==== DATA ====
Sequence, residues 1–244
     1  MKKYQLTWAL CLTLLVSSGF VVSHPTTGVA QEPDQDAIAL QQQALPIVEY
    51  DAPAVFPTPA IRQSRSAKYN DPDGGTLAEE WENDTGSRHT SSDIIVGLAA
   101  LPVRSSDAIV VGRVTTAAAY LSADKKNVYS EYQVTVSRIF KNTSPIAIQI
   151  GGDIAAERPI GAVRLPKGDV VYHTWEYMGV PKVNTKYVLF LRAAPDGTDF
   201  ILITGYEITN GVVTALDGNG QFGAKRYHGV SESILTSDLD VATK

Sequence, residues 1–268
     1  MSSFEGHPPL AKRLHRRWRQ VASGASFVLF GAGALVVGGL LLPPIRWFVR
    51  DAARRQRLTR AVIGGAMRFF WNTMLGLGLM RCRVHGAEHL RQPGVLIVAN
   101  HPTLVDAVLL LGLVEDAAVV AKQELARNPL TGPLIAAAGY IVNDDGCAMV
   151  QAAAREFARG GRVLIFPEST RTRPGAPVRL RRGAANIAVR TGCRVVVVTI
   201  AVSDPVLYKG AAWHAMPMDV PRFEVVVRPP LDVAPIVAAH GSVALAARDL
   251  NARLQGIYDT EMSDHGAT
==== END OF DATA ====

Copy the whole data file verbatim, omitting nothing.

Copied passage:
Sequence, residues 1–244
     1  MKKYQLTWAL CLTLLVSSGF VVSHPTTGVA QEPDQDAIAL QQQALPIVEY
    51  DAPAVFPTPA IRQSRSAKYN DPDGGTLAEE WENDTGSRHT SSDIIVGLAA
   101  LPVRSSDAIV VGRVTTAAAY LSADKKNVYS EYQVTVSRIF KNTSPIAIQI
   151  GGDIAAERPI GAVRLPKGDV VYHTWEYMGV PKVNTKYVLF LRAAPDGTDF
   201  ILITGYEITN GVVTALDGNG QFGAKRYHGV SESILTSDLD VATK

Sequence, residues 1–268
     1  MSSFEGHPPL AKRLHRRWRQ VASGASFVLF GAGALVVGGL LLPPIRWFVR
    51  DAARRQRLTR AVIGGAMRFF WNTMLGLGLM RCRVHGAEHL RQPGVLIVAN
   101  HPTLVDAVLL LGLVEDAAVV AKQELARNPL TGPLIAAAGY IVNDDGCAMV
   151  QAAAREFARG GRVLIFPEST RTRPGAPVRL RRGAANIAVR TGCRVVVVTI
   201  AVSDPVLYKG AAWHAMPMDV PRFEVVVRPP LDVAPIVAAH GSVALAARDL
   251  NARLQGIYDT EMSDHGAT